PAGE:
Nasim Najafi Aghdam, the 39-year-old woman who shot three people at YouTube’s San Bruno, California, headquarters on April 3 before killing herself, is said to have been angry about the company’s policies, especially demonetization. According to an article in Entrepreneur, she had written on her website: “There is no equal growth opportunity on YOUTUBE or any other video sharing site, your channel will grow if they want to!!!!!”
Nasim Aghdam, via San Bruno Police.
Mediaite explained demonetization in a post published the day after the shooting:
YouTube demonetization, which is a term used to describe when videos on the website no longer generate ad revenue for the platform or for the creator, has been a policy since 2012. The site uses the process to protect advertisers from being associated with objectionable content.
Monetize and demonetize sound like 21st-century buzzwords, but they in fact are much older. Monetize first appeared in print in 1867, when it meant “to establish (a metal) as standard currency in the coinage of a country” or “to convert (an asset, debt, etc.) into money” or “to assess in terms of monetary value.” By the mid-20th century it had acquired a new sense: “to convert to the use of money; to convert (an economy) to a monetary system.”
By the end of the 1990s – which is around the time I first heard the word – monetize also meant “to exploit (a product, service, audience, etc.) so that it generates revenue.” In January 1998 the Boston Globe published this quote: “It's all about eyeballs, audience acquisition... Growth lies in the ability to monetize those eyeballs.” (Eyeballs – synecdoche for “internet viewers” – seems to have appeared around the same time. Understanding Business Jargon: A Dictionary gives a 1999 citation from the Wall Street Journal.)
Cartoon by Aaron Bacall, via Jeremy Butterfield’s blog.
Curiously, demonetize and demonetization (or their British equivalents, demonetise and demonetisation) are older than the un-prefixed forms. The OED’s earliest citation for both the noun and the verb is from a 1795 translation of a French book; the French verb démonetiser has been traced back to 1793. Up through the 1990s, though, demonetization meant “the action of demonetizing a type of coin, note, currency, or precious metal; (also) the condition of being demonetized.” YouTube’s demonetization policy means something different: the removal of “inappropriate” videos, or videos with small audiences, from “the pool of advertised-upon content,” as a September 2016 post by Internet Creators Guild put it:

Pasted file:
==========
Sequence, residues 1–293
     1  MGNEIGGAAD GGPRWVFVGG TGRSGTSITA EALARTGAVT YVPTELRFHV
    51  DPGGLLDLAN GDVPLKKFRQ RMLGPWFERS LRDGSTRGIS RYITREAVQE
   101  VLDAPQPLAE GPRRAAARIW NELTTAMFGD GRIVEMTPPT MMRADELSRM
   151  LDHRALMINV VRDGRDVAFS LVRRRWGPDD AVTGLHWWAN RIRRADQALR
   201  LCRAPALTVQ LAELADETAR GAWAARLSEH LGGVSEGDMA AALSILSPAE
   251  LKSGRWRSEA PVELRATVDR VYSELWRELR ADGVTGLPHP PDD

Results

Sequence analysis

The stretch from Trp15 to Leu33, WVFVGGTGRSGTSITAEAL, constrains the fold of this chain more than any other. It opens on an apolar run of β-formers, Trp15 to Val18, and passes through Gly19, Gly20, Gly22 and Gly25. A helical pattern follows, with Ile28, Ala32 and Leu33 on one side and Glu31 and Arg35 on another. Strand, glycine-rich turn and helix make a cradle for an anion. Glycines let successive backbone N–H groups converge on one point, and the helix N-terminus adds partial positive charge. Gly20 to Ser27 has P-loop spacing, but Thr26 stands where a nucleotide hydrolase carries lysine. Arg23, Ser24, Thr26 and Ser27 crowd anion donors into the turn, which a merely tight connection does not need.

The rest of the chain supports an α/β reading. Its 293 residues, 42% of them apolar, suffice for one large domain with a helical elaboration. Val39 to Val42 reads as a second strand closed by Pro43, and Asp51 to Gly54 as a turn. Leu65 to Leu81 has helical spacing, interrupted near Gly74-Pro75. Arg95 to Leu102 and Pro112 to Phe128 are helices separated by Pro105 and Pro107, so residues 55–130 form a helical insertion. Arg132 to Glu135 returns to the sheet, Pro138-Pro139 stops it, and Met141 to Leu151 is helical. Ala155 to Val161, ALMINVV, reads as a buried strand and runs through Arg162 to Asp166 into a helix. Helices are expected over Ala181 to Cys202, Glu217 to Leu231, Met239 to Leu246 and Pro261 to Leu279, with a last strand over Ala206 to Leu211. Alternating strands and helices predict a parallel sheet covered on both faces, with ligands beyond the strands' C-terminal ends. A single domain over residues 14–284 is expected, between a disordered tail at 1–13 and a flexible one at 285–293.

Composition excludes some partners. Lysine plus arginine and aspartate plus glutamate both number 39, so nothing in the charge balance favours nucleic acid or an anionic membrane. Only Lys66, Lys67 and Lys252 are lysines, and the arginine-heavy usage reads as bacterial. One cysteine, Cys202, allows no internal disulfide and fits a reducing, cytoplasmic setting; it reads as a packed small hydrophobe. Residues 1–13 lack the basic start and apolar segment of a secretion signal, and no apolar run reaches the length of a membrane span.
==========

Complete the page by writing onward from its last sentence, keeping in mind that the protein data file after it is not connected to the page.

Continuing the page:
In 2012, YouTube began de-monetizing videos based on new advertising-friendly guidelines. This was not done by people, but by an algorithm that looked at the metadata of videos and other factors to decide whether it was likely to be something an advertiser wouldn’t want to be associated with.
Over the last five years, this algorithm has regularly removed videos from the pool of advertised-upon content. The algorithm’s parameters were broadened in 2015 specifically to catch more content relating to terrorism.
At the time, YouTube’s move was hailed by some creators as positive – “A higher barrier to entry is not a bad thing,” Erik Kain wrote in Forbes in January 2018 – although others griped about “algorithm fails.”
Demonetization made global headlines for a different reason in late 2016, when Indian Prime Minister Nahendra Modi abruptly announced the withdrawal of of all 500- and 1000-rupee banknotes from circulation, in an attempt to eliminate “black money”: a term used in India for unaccounted, untaxed wealth. The sudden move was devastating for poor Indians, especially those in rural areas.
Hindi-language explainer on (what else?) YouTube.
Despite their long history in English, monetize and demonetize are frequently demonized. Monetize is “a word we didn’t need,” scoffed Ruby on Rails creator David Hansson in a 2008 blog post. Several commenters agreed, calling monetize “hideous,” “silly,” and “linguistic bullshit.” Then again, verbs ending in -ize (including, probably, demonize) are perennial targets. Beginning in the 1940s, usage purists latched onto finalize as “gobbledygook” worthy of banishment. (Finalize appears to have originated in Australia in the 1920s; there’s a long and entertaining entry about it in Merriam-Webster’s Dictionary of English Usage.) In the early years of the 20th century, jeopardize was victimized: In her commentary on Ambrose Bierce’s usage guide Write It Right, Jan Freeman observes that “a swarm of usage mavens” had already denounced jeopardize “as monstrous, spurious, and intolerable before Bierce cast his vote [against the word].”
Jeremy Butterfield, the current editor of Fowler’s English Usage, which has been regularly reissued since its original publication in 1926, strikes a moderating note on what he humorously calls “izeophobia”:
Any discussion of words such as [monetize and incentivize], it seems to me, has to attempt to answer at least the following questions:
- what do they really mean?
- are they necessary or useful?
- are they overused?
- when are they appropriate?
- who dislikes them, and why?
- when did the dislike start?
And he points to the very long existence of -ize verbs in English, including baptize (since 1297), organize (since 1425), and generalize (also 1425).